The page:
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Encyclopedia > Factory farm
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Hardy Meyers chicken operation near Petal, Mississippi.

Factory farming refers to large-scale, industrialized, intensive rearing of livestock, poultry and fish. The practice is widespread in developed nations - much of the meat, dairy and eggs available in supermarkets is raised in this manner.


The term factory farming is a pejorative term favored by environmental activists and organic consumer groups. Another term sometimes used is concentrated animal feeding operation (CAFO).


Operations typically called factory farms focus on producing a marketable product at the lowest unit cost. Common factory farming practices include:

  • confinement - To save space and improve supervision and feeding operations, animals are confined in pens or cages. In some extreme cases animals may be confined in small indoor areas, unable to turn around or move without contacting other animals. This may increase the incidence of behaviors such as cannibalism, which may be countered through procedures like debeaking and tail docking.
  • drug programs - Antibiotics, vitamins, hormones, and other supplements are preemptively administered, in part to counteract the effects of crowding.
  • processed feed - Feeds may be processed on site. While traditional feeds such as hay and grain may be fed to animals, other types of feed may be added or substituted (eg: cows may be fed food processing by-products such as molasses and cottonseed meal or in some cases poultry litter; calves might be given cow blood protein concentrate in place of milk).
  • nutrient management - The large quantities of generated manure and urine are collected in local sewage systems and redistributed to local agricultural lands as fertilizer. Liquid waste may be applied through an irrigation system, while solid waste might be applied with a manure spreader.

Critics claim that factory farming is inhumane, poses health risks, and causes environmental damage. Arguments include:

  • Animals raised on antibiotics are breeding antibiotic resistant strains of various bacteria ("superbugs").
  • Concentrated animal waste is polluting the groundwater, and creating dust, fly, and odor problems for their neighbors.
  • Crowding, drugging, and mutilating animals (often, debeaking and tail-docking, performed without anesthetic) are cruel practices that should be outlawed.
  • Large populations of animals require a lot of water and are depleting water resources in some areas.
  • Factory farming is displacing family farming and undermining society.

Proponents claim that factory farming is a useful agricultural advance:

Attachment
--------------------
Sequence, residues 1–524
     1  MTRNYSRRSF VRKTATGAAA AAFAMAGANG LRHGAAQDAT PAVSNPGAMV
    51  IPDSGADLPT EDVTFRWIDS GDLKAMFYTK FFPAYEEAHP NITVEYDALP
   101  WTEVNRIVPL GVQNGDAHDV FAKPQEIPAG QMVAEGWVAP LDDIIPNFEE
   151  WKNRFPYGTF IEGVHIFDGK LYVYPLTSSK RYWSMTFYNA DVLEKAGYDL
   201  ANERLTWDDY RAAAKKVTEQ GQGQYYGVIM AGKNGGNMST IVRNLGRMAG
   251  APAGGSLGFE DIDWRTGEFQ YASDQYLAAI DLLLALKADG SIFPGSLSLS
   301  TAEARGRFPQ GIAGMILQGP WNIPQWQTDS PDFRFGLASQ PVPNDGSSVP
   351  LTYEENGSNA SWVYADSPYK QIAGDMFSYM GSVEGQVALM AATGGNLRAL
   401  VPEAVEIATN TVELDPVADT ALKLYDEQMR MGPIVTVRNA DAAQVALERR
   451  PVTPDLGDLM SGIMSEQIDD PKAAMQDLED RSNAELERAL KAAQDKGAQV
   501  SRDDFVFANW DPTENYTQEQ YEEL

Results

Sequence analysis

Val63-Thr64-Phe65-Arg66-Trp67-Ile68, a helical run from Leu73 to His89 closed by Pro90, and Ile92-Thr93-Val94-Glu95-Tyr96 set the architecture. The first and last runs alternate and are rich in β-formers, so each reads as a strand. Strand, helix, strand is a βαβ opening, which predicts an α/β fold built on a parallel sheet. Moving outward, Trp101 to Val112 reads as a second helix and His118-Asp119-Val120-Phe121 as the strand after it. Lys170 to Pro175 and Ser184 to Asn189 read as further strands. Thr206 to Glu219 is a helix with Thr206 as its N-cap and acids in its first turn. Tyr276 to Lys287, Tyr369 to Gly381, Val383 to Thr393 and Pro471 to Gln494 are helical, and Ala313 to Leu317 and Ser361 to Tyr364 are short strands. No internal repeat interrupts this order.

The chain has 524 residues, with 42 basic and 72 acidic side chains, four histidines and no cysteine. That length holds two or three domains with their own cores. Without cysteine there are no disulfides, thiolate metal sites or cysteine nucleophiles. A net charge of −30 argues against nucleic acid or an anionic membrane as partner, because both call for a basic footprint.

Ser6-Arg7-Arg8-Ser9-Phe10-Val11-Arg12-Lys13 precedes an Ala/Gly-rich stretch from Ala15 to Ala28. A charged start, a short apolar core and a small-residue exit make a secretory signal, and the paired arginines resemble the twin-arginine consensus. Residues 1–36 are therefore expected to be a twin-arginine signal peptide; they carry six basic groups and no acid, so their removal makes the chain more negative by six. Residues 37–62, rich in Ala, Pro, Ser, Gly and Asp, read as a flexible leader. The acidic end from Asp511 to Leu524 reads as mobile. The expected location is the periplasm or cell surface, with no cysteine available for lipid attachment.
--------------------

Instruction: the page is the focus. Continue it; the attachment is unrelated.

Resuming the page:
• Intensive agriculture is necessary to meet demand for affordable food.
  • Properly run factory farms meet government standards for safe and humane food production.
  • Animals raised in large groups can take advantage of local sources of food processing by-products.
  • Animals in confinement can be supervised more closely than free ranging animals and diseased animals can be killed or treated more quickly.

Factory farms are harmful to the environment as well: Factory farms produce billions of pounds of manure a day, which ends up in lakes, rivers, and drinking water. A Missouri hog farm paid a $1 million fine for illegally dumping waste, causing the contamination of a nearby river and the deaths of more than 50,000 fish.


Of all the agricultural land in the U.S., 80 percent is used to raise animals for food and to grow the grain to feed them—that’s almost half the total land mass of the lower 48 states. Chickens, pigs, cattle, and other animals raised for food are the primary consumers of half the water in the U.S.


An estimated one out of every four cattle who enters a slaughterhouse may have E. coli. A Consumer Reports study of nearly 500 supermarket chickens found campylobacter in 42 percent and salmonella in 12 percent, with up to 90 percent of the bacteria resistant to antibiotics. Eggs pose a salmonella threat to one out of every 50 people each year. In total, the Centers for Disease Control and Prevention estimates that there are 76 million instances of foodborne illness each year, and more than 5,000 deaths.


See also: agribusiness, feedlot, organic farming, hog lot, PETA


External links

  • A critique of factory farming (http://www.shoestringtravels.com/animals/Stats.htm)
  • Support for factory farming (http://www.wattnet.com/archives/docs/0102wp98.pdf) - With an environmental emphasis.
  • FactoryFarming.com (http://www.factoryfarming.com/) - Another site critical of intensive livestock production
  • The Meatrix (http://www.peta.org/feat/meatrix/) - A parody of The Matrix critical of factory farming, and viewed by some as environmentalist propaganda.

  Results from FactBites:
 
Factory farming - Wikipedia, the free encyclopedia (2203 words)
Factory farming is a term used to describe a set of controversial practices in large-scale, intensive agriculture.
Factory farming may also describe farms that grow fruits and vegetables as intensive monoculture crops, and applies to bees for honey production and fur-bearing animals for the fur trade when they are raised in similar intensive conditions.
Environmentally, factory farming of crops is claimed to be responsible for loss of biodiversity, degradation of soil quality, soil erosion, food toxicity (pesticide residues) and pollution (through agrichemical build-ups, and use of fossil fuels for agrichemical manufacture and for farm machinery and long-distance distribution).
  More results at FactBites »

 
 

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